View List of Stash Entries in Git

We are often required to pause on the work and focus on something else in a development environment. Thus, we may need to save our current work for the time being and focus on the different work. We later would like to resume back our original work.

The stash feature of Git, provided by the git stash command, allows us to save our changes for the work at hand temporarily. It will enable us to later resume our work by retrieving it from the temporary store.

We can do this operation of temporary saving of work many times. We thus would like to view the list of such stash entries and their contents. The git stash command provides us with options to browse the list of stash entries.

This tutorial will learn how to view the list of stash entries in Git. We will now illustrate this with an example.

Viewing List of Stash Entries in Git

The git stash command allows us to record the current state of the working directory of the project repository. It also allows us to save the current state of the index.

The git stash command saves local changes and reverts the working directory to match the HEAD commit. We can do this operation of shelving the changes on the working copy many times.

Thus, after performing the stashing many times, we now have a list of stash entries in our project’s Git repository. We can view the list of stash entries with the git stash list command.

The latest stash entry we created is stored in the refs/stash. The older stashes are found in the reflog of this reference. The most recent stash entry that is created is named stash@{0}. The one before it is named stash@{1} and so on.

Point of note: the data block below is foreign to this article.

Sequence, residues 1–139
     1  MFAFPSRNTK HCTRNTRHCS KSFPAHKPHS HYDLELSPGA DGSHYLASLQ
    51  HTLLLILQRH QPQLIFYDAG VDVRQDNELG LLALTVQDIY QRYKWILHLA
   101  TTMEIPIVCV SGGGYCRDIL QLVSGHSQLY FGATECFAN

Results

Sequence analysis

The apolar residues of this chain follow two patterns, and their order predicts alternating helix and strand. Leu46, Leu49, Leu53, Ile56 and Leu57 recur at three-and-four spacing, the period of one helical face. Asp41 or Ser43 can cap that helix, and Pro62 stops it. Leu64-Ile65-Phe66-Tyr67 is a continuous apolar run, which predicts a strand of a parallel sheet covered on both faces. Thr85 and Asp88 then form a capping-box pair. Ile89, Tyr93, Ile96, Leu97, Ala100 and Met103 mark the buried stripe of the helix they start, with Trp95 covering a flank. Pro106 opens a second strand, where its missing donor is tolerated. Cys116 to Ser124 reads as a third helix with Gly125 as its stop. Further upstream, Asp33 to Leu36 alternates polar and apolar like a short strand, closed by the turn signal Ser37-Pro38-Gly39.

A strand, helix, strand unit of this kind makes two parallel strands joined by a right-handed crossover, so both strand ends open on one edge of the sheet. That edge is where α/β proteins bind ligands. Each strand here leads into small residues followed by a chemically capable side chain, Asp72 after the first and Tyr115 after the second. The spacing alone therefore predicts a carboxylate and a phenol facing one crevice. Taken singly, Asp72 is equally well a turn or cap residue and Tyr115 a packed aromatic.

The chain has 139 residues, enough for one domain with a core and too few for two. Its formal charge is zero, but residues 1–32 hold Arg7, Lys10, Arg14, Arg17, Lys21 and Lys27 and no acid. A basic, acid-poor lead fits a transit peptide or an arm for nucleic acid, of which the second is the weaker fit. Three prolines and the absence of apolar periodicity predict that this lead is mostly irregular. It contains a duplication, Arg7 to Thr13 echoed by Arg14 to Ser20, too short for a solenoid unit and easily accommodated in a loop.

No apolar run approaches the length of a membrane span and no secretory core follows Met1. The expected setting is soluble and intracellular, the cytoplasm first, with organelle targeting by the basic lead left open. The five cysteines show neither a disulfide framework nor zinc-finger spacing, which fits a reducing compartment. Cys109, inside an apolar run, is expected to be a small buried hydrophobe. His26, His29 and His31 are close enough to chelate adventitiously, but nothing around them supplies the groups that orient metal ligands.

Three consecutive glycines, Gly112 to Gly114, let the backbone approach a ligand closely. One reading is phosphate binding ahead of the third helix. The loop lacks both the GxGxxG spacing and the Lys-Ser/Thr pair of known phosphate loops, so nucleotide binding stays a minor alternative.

The stashes can be referenced by specifying the stash index. For example, the integer n is equivalent to stash@{n}.

After creating a few stash entries, we can view them like this.

$ git stash list
stash@{0}: WIP on main: b14f387 some work
stash@{1}: WIP on main: b14f387 some other work
stash@{2}: WIP on main: b14f387 some older work

As shown above, we can see the list of three stash entries in the main branch of our Git repository. We can also view the contents of each stash entry.

To view the files in the most recent stash entry, we need to follow.

$ git stash show
 test.txt | 4 ++++
 1 file changed, 4 insertions(+)

We can see that the test.txt has been stashed most recently.

To view the changes of the files in the most recent stash entry, we need to do as follows.

$ git stash show -p
diff --git a/test.txt b/test.txt
index fae50f7..f60e878 100644
--- a/test.txt
+++ b/test.txt
@@ -73,4 +73,16 This test
 
 some old text
 
+ some new text
+1. Add this
+2. Add that
+

The git stash show command shows the changes recorded in the stash entry as a diff between the stashed contents and the commit back when the stash entry was first created.

We can also view a specific stash using a name. We need to provide the name in git stash show -p <named-stash>.

Thus, to view the stash entry with the name stash@{1}, we would execute the command as follows.

$ git stash show -p stash@{1}

We can also see the stash entries across branches, not just the current one. We need to execute the following command for that.

$ git stash list --all

We can also view the stash history in Git by a date range. We need to use the command git stash list with the option --before or --after.

We can execute the command with the date range as below.

$ git stash list --before 3.days.ago
$ git stash list --after 2.days.ago

We can use the –stat option to summarize each element’s changes in the git stash history. As shown below, we can execute the command with the -stat option.

$ git stash list --stat

Thus, we have shown how to view the list of stash entries in Git.

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